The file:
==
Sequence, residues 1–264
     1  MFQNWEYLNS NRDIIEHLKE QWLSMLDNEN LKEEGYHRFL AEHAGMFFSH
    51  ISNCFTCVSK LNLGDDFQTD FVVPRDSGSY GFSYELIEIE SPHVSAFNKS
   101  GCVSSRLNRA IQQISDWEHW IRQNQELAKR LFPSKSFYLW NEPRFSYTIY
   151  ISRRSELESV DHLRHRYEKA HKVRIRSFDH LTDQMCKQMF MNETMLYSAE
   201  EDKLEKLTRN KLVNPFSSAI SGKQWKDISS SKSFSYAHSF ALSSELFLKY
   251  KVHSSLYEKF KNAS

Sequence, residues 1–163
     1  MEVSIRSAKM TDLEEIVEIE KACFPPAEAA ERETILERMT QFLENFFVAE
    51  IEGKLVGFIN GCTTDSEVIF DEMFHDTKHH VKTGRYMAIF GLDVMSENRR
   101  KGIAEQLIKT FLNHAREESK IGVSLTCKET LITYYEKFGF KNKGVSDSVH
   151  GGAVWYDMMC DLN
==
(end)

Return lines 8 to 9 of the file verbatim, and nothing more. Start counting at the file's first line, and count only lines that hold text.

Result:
Sequence, residues 1–163
     1  MEVSIRSAKM TDLEEIVEIE KACFPPAEAA ERETILERMT QFLENFFVAE